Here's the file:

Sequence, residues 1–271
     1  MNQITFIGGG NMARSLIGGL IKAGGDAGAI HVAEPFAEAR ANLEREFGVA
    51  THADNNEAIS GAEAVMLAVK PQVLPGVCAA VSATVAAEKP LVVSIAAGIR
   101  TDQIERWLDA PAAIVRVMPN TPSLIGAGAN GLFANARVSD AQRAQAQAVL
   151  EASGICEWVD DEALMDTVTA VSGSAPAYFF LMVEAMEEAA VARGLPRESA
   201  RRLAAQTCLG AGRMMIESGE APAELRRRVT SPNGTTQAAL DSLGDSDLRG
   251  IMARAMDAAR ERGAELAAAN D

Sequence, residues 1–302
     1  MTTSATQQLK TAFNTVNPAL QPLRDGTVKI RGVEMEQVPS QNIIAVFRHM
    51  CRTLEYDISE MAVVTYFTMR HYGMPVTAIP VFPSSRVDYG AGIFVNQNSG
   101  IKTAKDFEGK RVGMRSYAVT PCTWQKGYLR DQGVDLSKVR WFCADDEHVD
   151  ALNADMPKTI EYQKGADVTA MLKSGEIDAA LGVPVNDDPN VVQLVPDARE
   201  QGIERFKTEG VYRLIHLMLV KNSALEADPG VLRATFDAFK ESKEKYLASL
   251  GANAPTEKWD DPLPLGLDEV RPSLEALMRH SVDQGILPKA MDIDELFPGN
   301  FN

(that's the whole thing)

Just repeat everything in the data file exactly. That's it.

Sequence, residues 1–271
     1  MNQITFIGGG NMARSLIGGL IKAGGDAGAI HVAEPFAEAR ANLEREFGVA
    51  THADNNEAIS GAEAVMLAVK PQVLPGVCAA VSATVAAEKP LVVSIAAGIR
   101  TDQIERWLDA PAAIVRVMPN TPSLIGAGAN GLFANARVSD AQRAQAQAVL
   151  EASGICEWVD DEALMDTVTA VSGSAPAYFF LMVEAMEEAA VARGLPRESA
   201  RRLAAQTCLG AGRMMIESGE APAELRRRVT SPNGTTQAAL DSLGDSDLRG
   251  IMARAMDAAR ERGAELAAAN D

Sequence, residues 1–302
     1  MTTSATQQLK TAFNTVNPAL QPLRDGTVKI RGVEMEQVPS QNIIAVFRHM
    51  CRTLEYDISE MAVVTYFTMR HYGMPVTAIP VFPSSRVDYG AGIFVNQNSG
   101  IKTAKDFEGK RVGMRSYAVT PCTWQKGYLR DQGVDLSKVR WFCADDEHVD
   151  ALNADMPKTI EYQKGADVTA MLKSGEIDAA LGVPVNDDPN VVQLVPDARE
   201  QGIERFKTEG VYRLIHLMLV KNSALEADPG VLRATFDAFK ESKEKYLASL
   251  GANAPTEKWD DPLPLGLDEV RPSLEALMRH SVDQGILPKA MDIDELFPGN
   301  FN